How to get the most from your luciferase assay

Bring the lysate and the luciferin at room temperature before reading!

As low temperatures minimize protein degradation in a cell lysate, working in ice is a classic attitude in molecular biology. This is a good reflex, but sometimes inappropriate. If you directly transfer in a luminometer a 96well plate previously kept on ice, the first wells will be read at ~4°C. But wait, for each well the luminometer takes ~20 seconds (10'' for firefly and 10'' for renilla). Thus, a full plate will take 20s * 96 = 1920 sec = ~30 minutes. The last wells will be likely at room temperature. The temperature bias could sensitively affect your readings!

Want to check? Work on ice, and prepare a big lysate from cells transfected with luciferase and put 20 uL in each well of the 96well plate (alternatively you can use recombinant luciferase diluted in a phosphate buffer containing 1mg/mL BSA). Directly transfer the plate from ice to luminometer and start reading. You will observe something similar to the figure:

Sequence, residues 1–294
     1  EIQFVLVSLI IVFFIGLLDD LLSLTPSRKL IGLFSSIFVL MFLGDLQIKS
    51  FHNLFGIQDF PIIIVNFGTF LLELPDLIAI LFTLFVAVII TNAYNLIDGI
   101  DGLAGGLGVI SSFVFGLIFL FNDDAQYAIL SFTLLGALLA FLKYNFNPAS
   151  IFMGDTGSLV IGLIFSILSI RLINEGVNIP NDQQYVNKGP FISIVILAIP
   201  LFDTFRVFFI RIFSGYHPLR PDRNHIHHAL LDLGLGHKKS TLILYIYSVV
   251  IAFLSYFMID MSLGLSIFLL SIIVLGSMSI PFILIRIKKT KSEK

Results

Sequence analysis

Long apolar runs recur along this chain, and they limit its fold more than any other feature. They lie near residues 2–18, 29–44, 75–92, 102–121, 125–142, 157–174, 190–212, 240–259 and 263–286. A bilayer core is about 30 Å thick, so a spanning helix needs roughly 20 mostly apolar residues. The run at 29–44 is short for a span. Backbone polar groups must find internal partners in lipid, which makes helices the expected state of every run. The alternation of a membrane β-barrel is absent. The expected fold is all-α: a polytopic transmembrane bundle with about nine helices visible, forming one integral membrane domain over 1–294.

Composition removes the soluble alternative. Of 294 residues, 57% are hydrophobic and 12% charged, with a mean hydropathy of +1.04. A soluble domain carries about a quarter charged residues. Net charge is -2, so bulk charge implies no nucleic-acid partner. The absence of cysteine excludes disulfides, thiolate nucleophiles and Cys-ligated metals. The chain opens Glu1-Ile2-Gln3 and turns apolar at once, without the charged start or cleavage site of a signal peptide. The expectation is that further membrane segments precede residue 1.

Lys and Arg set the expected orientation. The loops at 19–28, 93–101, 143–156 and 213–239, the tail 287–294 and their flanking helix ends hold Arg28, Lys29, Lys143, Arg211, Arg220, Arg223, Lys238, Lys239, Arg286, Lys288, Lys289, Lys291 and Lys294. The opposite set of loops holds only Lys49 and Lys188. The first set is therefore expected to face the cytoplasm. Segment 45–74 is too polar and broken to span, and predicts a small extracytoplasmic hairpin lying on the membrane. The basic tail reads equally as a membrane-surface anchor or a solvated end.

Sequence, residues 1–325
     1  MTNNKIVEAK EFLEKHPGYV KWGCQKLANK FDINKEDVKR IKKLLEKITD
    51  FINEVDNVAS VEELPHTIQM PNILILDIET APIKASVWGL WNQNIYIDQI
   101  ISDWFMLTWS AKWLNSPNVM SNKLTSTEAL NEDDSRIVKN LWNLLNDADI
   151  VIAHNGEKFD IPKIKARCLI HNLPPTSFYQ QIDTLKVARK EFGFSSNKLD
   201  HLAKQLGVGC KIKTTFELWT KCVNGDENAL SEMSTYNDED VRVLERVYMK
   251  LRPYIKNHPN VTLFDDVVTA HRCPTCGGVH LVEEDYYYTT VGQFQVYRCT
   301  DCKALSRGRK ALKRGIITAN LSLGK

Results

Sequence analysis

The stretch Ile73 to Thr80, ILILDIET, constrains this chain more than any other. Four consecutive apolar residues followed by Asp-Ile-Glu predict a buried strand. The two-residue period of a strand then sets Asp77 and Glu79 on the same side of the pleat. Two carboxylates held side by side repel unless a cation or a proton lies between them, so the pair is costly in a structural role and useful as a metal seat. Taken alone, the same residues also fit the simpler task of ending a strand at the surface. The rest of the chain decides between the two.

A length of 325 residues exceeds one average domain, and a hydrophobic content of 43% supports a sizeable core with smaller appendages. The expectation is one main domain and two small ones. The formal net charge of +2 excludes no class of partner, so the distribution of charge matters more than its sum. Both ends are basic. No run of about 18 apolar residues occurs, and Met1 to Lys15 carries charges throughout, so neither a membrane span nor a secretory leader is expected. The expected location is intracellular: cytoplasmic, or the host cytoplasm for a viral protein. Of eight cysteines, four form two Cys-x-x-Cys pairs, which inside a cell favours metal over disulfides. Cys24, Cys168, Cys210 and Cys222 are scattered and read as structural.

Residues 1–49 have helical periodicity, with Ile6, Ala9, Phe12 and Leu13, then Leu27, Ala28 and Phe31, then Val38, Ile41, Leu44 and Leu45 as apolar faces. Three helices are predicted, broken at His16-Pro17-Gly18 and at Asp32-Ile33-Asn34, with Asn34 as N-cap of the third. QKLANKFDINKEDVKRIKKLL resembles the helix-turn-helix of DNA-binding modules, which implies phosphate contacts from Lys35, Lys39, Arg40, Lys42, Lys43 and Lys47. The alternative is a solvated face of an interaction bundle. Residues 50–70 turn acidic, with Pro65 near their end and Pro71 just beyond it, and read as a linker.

Firefly luciferase is an enzyme from an insect. Insects are poor thermo-regulators. Therefore most of their enzymes optimally works at room temperature. This is the case for luciferase. During your reading, the increase in the temperature sustains firefly's activity. As you can see, this phenomena efficiently balances some luciferase degradation. People is usually scared by protein degradation, but in this case it is worst to keep your plate in ice. For your comfort, you can quickly bring a plate at RT just by incubating at 37 °C for 3-4 minutes immediately before reading. Pimp your results!

See also my post on luciferase downsides.